SAN DIEGO — Lee “Q” O’Denat, founder of the influential culture and entertainment website WorldStarHipHop.com, died suddenly of heart failure at age 43 at a Clairemont massage parlor, authorities reported Tuesday.
O’Denat, a Del Mar resident, became unresponsive at the business in the 4100 block of Clairemont Mesa Boulevard early Monday evening, according to the Medical Examiner’s Office. Medics tried in vain to revive him before pronouncing him dead shortly after 5:30 p.m., the county agency reported.
An autopsy determined that O’Denat died of atherosclerotic cardiovascular disease, with obesity as a contributing condition.
O’Denat started his website, which posts and premieres hip-hop videos and mixtapes along with other viral content, in 2005, according to Billboard.
WorldStar issued a statement confirming O’Denat’s death and praising him as “a brilliant businessman who championed urban culture, ultimately creating the largest hip-hop website in the world.”
“But more than that, he was a devoted father and one of the nicest, most generous persons to ever grace this planet,” the message stated.
“Hip-hop is for the sex, the drugs, the violence, the beefs, the culture. That’s the competitiveness of hip-hop, so I felt like the site needed to be R-rated,” O’Denat told The New York Times on Nov. 2, 2015. “People may be offended by some of the content, but, hey, the Internet is not a censorship boat. We’re the Carnival cruise, man. You don’t have to log on.”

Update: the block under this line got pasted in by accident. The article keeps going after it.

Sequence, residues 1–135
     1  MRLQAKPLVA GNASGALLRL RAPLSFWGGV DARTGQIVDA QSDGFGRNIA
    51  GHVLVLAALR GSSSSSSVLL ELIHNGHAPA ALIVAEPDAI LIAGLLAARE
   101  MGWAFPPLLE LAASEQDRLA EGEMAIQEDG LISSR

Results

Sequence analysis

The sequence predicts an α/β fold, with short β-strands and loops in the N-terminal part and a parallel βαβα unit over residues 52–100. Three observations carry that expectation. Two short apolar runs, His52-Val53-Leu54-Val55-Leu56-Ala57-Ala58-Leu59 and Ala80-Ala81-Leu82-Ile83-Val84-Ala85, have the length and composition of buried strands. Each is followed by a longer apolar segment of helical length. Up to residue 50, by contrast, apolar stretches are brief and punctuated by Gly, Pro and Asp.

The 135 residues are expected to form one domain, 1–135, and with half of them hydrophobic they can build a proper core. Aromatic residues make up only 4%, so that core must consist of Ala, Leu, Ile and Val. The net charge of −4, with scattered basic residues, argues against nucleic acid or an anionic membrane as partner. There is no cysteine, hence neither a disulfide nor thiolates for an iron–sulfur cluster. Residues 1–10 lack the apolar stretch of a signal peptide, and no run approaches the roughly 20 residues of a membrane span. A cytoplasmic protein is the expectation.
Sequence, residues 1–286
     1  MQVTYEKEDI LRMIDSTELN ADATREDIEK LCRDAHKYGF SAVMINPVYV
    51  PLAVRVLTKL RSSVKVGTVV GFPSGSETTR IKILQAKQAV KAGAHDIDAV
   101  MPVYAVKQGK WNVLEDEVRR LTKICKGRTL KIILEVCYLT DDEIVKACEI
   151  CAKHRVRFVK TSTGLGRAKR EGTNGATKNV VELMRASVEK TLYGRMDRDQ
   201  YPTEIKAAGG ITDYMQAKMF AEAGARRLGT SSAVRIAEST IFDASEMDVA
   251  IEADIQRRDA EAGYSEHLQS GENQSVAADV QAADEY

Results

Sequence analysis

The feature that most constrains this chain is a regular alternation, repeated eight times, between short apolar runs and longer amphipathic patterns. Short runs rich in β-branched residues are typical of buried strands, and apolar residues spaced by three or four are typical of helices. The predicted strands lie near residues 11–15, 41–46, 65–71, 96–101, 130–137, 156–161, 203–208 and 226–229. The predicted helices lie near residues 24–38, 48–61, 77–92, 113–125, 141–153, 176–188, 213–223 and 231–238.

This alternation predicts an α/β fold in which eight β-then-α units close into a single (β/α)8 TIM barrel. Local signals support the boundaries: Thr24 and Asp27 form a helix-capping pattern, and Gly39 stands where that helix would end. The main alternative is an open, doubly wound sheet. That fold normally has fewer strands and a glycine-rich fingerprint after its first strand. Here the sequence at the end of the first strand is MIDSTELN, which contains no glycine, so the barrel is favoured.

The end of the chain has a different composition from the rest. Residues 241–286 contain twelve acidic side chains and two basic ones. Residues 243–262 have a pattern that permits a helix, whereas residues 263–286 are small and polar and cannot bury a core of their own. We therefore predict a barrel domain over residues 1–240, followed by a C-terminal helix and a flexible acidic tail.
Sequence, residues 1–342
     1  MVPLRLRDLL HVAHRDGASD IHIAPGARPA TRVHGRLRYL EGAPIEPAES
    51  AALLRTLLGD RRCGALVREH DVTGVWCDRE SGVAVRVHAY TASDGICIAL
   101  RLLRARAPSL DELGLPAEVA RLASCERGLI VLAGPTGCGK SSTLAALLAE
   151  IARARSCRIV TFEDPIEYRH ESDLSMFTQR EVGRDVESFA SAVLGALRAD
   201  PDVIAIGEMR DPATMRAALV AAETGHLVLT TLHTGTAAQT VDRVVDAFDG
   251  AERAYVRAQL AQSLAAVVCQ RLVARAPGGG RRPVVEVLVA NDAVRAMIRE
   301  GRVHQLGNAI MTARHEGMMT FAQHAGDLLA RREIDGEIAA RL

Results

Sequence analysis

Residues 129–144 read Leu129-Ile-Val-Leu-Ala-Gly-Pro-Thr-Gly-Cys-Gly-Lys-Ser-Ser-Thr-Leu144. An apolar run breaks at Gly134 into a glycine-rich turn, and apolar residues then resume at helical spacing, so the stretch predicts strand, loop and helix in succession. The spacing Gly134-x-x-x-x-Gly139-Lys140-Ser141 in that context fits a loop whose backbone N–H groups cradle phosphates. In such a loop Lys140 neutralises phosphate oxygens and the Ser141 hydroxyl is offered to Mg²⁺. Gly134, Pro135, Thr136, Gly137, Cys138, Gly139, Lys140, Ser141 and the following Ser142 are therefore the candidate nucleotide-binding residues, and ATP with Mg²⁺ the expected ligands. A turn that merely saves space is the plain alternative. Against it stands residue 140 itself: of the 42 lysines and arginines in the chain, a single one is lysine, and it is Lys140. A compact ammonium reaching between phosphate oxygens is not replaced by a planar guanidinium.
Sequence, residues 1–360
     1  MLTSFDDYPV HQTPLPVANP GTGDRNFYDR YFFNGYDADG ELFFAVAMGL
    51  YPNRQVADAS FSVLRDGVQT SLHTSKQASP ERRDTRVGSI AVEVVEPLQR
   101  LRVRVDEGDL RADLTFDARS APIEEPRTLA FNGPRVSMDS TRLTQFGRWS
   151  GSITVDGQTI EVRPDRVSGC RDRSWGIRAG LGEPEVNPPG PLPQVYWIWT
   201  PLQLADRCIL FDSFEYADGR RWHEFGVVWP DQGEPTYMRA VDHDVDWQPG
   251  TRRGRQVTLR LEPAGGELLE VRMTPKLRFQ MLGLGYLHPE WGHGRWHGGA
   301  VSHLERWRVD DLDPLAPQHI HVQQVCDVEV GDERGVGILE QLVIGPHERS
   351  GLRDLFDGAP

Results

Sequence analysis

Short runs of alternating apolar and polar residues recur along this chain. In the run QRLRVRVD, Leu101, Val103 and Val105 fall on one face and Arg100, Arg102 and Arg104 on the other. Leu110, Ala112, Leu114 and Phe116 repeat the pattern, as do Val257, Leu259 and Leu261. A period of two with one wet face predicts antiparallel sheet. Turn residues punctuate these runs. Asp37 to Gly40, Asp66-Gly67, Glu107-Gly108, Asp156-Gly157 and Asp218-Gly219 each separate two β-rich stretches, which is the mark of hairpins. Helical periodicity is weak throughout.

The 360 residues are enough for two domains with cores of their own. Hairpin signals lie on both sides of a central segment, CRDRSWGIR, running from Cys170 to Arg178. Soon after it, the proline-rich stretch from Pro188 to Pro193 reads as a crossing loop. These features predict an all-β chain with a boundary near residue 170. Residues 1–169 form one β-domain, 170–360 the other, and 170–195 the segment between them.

While WorldStarHipHop finds content from websites such as YouTube and Facebook, O’Denat said he hoped the website could eventually generate original content.
Celebrities took to social media Tuesday to offer their condolences.
“You were always pleasant & positive through all the madness. You built a brand that changed the course of culture,” said rapper T.I. “Your legacy will live on. ”
“RIP to my guy Q,” wrote Charlamagne Tha God.
“RIP TO A GREAT PERSON! @qworldstar My brother u did a lot for the hip hop blog community.. it’s unreal..” rapper Sean Kingston wrote on Instagram.
O’Denat grew up in Hollis, Queens where he witnessed the early days of hip-hop culture.
“I used to hang out on Jamaica Avenue,” he told The New York Times. “L L Cool J shopped there, Run-DMC.”
Raised by a single mother, O’Denat began working at 14. He got a job at Circuit City where he discovered his passion for computers.
“I was telling people, ‘This is the future,’ ” he told The New York Times. “They were like, ‘This is going nowhere.’ They laughed at me.”
After starting several websites, O’Denat saw a new opportunity with the creation of YouTube. He decided to create a similar website, but with only hip-hop inspired content.
He leaves behind three children.